THE INTERVIEW: Jennifer Knight-Levine of SAFE Coalition


Jennifer Knight Levine is the cofounder and CEO of the SAFE Coalition, a growing social services agency launched here in Franklin in 2014 in the midst of the opioid epidemic.

Knight-Levine, a 2004 FHS graduate, explains that she had just returned to Franklin after several years working in the social services sector in San Diego, anxious to restart her career in closer proximity to her family. And, in fact, she had gone back to work at Riverside, an agency in Dedham for whom she had worked during her college years.

But then she realized something was very wrong in her home town. People were overdosing and dying – even people she knew. It was the talk in the checkout line and the “did you hear about...” that seemed to be part of nearly every conversation. Something had to be done, so she reached out to State Rep Jeff Roy, someone she had first known as a School Committee member in her FHS years.

“What is being done, are there any services for these people,” she asked. Roy said, not as far as he knew, but he suggested contacting the YMCA and offering to set something up. So, she did just that.

Because she was still working full-time in Framingham, “we started small. The initiative was called Healing Hearts, and it was designed specifically to help the families and siblings of people fighting addiction,” she explained.

But the epidemic just seemed to get worse and worse. So, despite now living in West Roxbury and in a relationship that was moving toward marriage, that summer, on June 30, Knight-Levine convened a meeting of people impacted by addiction. “We had no idea if anyone would even come – but there ended up being about 300 people,” she recalled. It was a community conversation and an energizing forum for those sharing a determination to do something,” she said.

At the end, Jim Derick, who was to become co-founder of the SAFE Coalition along with Knight-Levine, jumped on the stage and said he wanted to get involved – and four or five other people who were in the audience also ended up serving on the board of what soon became a bona fide organization. People even stepped forward with funding, she recalls. “At that point I had no idea how to start a 501(c)3 but we figured it out,” she added.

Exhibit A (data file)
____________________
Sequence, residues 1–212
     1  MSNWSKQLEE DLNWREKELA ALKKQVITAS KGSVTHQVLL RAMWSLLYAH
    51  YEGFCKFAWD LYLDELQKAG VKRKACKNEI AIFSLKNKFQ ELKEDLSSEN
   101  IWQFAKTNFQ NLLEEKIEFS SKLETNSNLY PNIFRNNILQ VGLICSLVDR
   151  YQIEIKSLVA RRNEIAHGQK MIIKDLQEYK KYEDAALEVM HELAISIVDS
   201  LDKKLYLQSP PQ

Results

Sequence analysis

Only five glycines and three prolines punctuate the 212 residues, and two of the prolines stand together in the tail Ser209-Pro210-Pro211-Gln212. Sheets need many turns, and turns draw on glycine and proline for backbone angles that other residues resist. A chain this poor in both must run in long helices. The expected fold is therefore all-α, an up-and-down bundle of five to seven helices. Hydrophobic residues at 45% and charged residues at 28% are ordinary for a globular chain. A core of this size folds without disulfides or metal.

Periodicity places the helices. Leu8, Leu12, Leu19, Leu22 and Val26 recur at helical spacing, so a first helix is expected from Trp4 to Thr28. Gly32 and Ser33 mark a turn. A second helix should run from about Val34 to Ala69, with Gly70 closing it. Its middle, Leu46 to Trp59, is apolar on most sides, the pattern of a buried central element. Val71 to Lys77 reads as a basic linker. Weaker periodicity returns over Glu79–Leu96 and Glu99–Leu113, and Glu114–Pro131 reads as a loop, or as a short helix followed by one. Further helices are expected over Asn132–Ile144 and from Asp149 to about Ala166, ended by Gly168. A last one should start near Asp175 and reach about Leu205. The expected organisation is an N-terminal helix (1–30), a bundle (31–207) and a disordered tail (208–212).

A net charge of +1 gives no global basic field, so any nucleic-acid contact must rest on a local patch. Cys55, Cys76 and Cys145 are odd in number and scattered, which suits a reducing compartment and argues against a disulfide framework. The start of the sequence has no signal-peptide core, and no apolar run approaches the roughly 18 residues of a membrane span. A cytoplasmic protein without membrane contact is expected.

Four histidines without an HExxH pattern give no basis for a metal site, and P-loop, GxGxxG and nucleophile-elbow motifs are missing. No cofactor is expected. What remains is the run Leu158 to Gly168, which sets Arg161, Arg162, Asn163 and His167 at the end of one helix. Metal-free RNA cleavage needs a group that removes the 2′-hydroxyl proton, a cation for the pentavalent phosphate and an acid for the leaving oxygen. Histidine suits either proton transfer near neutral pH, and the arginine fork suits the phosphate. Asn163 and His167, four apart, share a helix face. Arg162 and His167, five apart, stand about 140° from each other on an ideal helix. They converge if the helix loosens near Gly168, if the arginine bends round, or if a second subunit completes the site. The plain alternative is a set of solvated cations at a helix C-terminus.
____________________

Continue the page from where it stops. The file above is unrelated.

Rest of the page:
SAFE’s first product was a booklet for first responders to give to families of those involved with addiction.

But still, the situation seemed to only get worse, as fentanyl was added to the challenges, eventually becoming the dominant street drug in the region.

SAFE set up offices in Norfolk with support of a local family, conducted outreach and education, supported first responders, forged partnerships with other organizations and began to focus more on recovery and the full range of problems within the addiction crisis.

Meanwhile, in her personal life, Knight-Levine married and she and her husband, who was embarking on Paramedic schooling and entering the fire service, had their first son. Covid also happened and a second child.

“It was wild, there was no slowing down for either of us,”she said.

More recently, looking at better ways to serve the whole community, SAFE initially sought a second location – but, Knight-Levine explained, the space at Moseley Mill was large and could support more services. So, that’s where SAFE moved in 2022. The organization now has a staff of five full-timers and several part-timers.

Today, Knight-Levine it is still all about building partnerships where there are other opportunities for people to get support and care – and sometimes jumping in with gap services to fill an unmet need.

“Our mission is to still listen to the needs of the community, and build services with the folks who are experiencing the need around what is important to them. And because we're still small, we can do that. We can be flexible; we can understand new policies that are probably going to be coming in our direction, and build up support for that in a way that a larger state system couldn't,” she explained.

For example, she noted, there are numerous nonprofits that serve these communities, but none of them have a “diaper bank,” something SAFE identified as a pressing need for many of those coming in for other services.

“We also have a growing elder community that has very limited resources for substance use and mental health support, so that’s something SAFE really wants to continue to lean into, really developing that support, mentorship and care,” she said.

But there is also balance, and Knight-Levine says she is anxious to do more, but also wants to spend time with her two young boys. “That is really important to me, too,” she added.

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